, originally uploaded by dbohemian.

I was just thinking about learning to build frames (now that I live nowhere near UBI). I am more likely to borrow a torch and have someone show me how to fillet braze tubes than I am to pay $3000 and fly to Tucson, but it’s attractive.

Dave Bohm says you learn more by building a lugged or partially lugged frame, since there are more fundamental aspects to it than TIG or fillet brazing. He also said TIG takes the most practice, which I didn’t know.

Bohemian framebuilding school T-shirt – www.framebuildingschool.com

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UI/UX Designer, bike nerd, artist.

3 thoughts on “Okay”

  1. Hi Biketinker…

    Remember you walk away with a frame from a frame school and all the practice materials you can use so its not quite as expensive as it may seem.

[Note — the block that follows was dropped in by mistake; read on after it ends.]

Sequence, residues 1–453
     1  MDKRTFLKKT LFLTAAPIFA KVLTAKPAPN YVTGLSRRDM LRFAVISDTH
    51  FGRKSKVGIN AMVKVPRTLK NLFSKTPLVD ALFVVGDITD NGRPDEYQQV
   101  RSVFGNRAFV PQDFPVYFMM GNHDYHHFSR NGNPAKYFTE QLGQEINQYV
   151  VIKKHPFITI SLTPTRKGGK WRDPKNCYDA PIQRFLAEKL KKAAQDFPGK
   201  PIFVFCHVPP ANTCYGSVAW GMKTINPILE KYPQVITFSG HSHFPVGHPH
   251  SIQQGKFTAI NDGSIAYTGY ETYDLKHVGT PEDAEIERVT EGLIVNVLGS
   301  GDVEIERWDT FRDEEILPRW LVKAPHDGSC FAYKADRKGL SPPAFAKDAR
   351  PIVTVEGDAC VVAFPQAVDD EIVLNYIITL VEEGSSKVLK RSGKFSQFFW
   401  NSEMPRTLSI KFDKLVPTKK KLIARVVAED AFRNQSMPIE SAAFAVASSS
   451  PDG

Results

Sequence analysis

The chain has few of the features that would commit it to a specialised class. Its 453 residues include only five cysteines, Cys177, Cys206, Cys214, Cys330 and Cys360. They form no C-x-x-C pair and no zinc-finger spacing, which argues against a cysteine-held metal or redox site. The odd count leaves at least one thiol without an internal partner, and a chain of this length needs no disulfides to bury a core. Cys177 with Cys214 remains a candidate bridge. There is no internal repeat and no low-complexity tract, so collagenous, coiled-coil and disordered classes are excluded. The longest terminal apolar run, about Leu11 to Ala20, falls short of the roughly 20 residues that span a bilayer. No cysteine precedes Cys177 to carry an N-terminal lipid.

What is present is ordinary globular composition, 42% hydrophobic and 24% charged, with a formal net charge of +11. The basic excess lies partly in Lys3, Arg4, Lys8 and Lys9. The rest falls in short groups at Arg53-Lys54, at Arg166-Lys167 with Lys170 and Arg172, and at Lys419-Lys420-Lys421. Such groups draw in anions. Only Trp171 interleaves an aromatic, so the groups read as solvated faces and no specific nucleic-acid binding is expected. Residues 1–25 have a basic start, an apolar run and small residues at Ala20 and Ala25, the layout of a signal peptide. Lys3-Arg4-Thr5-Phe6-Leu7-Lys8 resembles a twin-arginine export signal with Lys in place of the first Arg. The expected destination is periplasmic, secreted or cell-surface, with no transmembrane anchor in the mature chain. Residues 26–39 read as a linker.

What I mean by building lugged or lugless is that I want the student to concentrate on the process of building a frame (design, construction, alignment, finishing etc) rather than just a welding process. TIG welding is tough and really a course with TIG welding is more like….Lets learn how to passably weld for 6-7 days and then hammer out a frame (no fork, even UBI does not do that) in the last 4 days. Its a welding course with a follow up on framebuilding and I rather it be the other way around.

    Hope that clarifies it a bit. Hope to see you here one day. BTW T-shirts are freebies at the course:)

  2. Got it. A bicycle is more than a frame, and a frame is more than thin-walled tubes joined at particular angles. That does put it in perspective, too; when you leave a frame building school, you have more than the physical object to ride away on.
    Thanks for that.

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